Thomas Took Additional Trips on Harlan Crow’s Private Jet, Documents Show


Justice Clarence Thomas never disclosed three trips aboard the private jet of the Texas billionaire Harlan Crow, according to documents obtained by the Senate Judiciary Committee released on Thursday.

The documents, obtained by Democrats on the panel, list three visits that have not previously been reported: one to a city in Montana, near Glacier National Park, in 2017; another to his hometown, Savannah, Ga., in March 2019; and another to Northern California in 2021.

The purpose of each trip was not immediately clear, nor was the reason for their omission on the justice’s disclosure forms. However, all of the flights involve short stays: two were round trips that did not include an overnight stay.

The revelation underlined the extent to which Justice Thomas has relied on the generosity of his friends over the years and the consistency with which he declined to report those ties.

Justice Thomas has said that he had been advised he did not need to disclose gifts of personal hospitality from friends who did not have cases before the Supreme Court.

The announcement is all but certain to fuel the fight over greater transparency at the Supreme Court. Lawmakers’ efforts to require that justices be held to ethics standards similar to those for the executive and legislative branches have faltered. And even as the court, under immense public scrutiny, announced its first ethics code in the fall, experts immediately pointed out its lack of an enforcement mechanism or penalties should a justice have violated it.

The revealing of the trips “makes it crystal clear that the highest court needs an enforceable code of conduct, because its members continue to choose not to meet the moment,” Senator Richard J. Durbin, Democrat of Illinois and the chairman of the committee, said in a statement.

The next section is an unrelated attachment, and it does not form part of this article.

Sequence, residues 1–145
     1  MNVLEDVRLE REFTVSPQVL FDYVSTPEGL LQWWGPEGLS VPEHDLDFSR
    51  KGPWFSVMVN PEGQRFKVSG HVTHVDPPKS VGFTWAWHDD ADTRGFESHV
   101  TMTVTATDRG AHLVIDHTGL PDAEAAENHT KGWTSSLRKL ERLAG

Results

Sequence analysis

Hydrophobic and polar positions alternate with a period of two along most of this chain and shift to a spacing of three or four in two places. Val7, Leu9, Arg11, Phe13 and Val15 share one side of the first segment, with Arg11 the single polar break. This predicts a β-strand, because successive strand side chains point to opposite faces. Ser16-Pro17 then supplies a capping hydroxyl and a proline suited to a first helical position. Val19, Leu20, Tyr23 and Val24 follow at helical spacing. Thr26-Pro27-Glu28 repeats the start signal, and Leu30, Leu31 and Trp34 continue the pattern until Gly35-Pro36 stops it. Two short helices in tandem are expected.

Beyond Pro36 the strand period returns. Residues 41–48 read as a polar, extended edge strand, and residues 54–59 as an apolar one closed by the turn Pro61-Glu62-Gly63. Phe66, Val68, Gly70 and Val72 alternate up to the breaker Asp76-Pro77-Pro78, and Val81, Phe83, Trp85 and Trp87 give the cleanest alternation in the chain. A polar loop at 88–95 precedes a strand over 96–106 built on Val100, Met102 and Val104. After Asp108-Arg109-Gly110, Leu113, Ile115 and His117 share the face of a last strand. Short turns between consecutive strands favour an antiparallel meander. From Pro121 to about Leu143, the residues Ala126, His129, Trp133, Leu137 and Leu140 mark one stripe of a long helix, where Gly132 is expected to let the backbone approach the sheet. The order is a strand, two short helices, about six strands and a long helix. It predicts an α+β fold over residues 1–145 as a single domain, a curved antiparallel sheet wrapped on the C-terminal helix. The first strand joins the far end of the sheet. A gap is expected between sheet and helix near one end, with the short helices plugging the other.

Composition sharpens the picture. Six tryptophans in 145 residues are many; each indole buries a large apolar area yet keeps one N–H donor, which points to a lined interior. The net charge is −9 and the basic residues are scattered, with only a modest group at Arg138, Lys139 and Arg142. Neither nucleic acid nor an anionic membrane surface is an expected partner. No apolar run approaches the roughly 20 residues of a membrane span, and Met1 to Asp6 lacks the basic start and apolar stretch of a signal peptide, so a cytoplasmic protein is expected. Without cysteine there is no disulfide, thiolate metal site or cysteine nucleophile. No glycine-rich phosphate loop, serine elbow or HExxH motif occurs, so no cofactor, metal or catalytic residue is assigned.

Justice Thomas did not immediately respond to a request for comment. His lawyer, Elliot S. Berke, did not respond to questions about details of the trips, but defended the trips in a statement.

The information, supplied to lawmakers by Mr. Crow, “fell under the ‘personal hospitality exemption’ and was not required to be disclosed by Justice Thomas,” Mr. Berke said.

Mr. Berke was referring to an exception to federal disclosure requirements that underwent a rule change by the Administrative Office of U.S. Courts in March last year. The change required the justices to disclose more of their activities, including some free trips, air travel and other types of gifts. All three trips happened before that rule change.

Mr. Berke said that, since the rule change, “Justice Thomas has fully complied with the new disclosure requirement.”

A spokesman for Mr. Crow, Michael Zona, said in a statement that Mr. Crow had agreed to cooperate with the committee, furnishing “information responsive to its requests going back seven years.”

The first trip, from May 7 to 9, 2017, involved a private jet flight from St. Louis, Mo., to Kalispell, Mont., and onto Dallas, Texas.

Justice Thomas delivered remarks at the Bar Association of Metropolitan St. Louis on Friday, May 5, 2017, but it is not clear what he was doing in Montana. Kalispell, a city of roughly 29,000 in the state’s northwest, is known as a gateway to Glacier National Park, a haven for fly fishing and hiking. The reasons for his stop in Dallas, where Mr. Crow lives, are unclear.

The second trip took place on March 23, 2019. It was a single-day, round-trip to Savannah, Ga., where he grew up. His mother and several relatives remain in the area.

The third trip was also a single-day excursion, a round-trip flight on June 29, 2021, from Washington, to San Jose, Calif. The court issued at least three opinions that day, according to the Supreme Court website, but it was during the Covid-19 crisis when the justices were allowed to work remotely, meaning they did not have to appear in person in the courtroom.

According to his most recent financial disclosure report, which was released last week, Justice Thomas amended previous filings to add 2019 vacations with Mr. Crow to Bali, Indonesia, and Bohemian Grove, a secretive, all-male retreat in Northern California. Justice Thomas did not report any private jet flights or travel from benefactors for 2023, the year covered by the most recent disclosure.

He listed one gift: a pair of photo albums worth $2,000 from Terrence and Barbara Giroux. Mr. Giroux is the departing executive director of the Horatio Alger Association of Distinguished Americans, an exclusive group that includes figures at some of the highest echelons of society.

Julie Tate contributed research.



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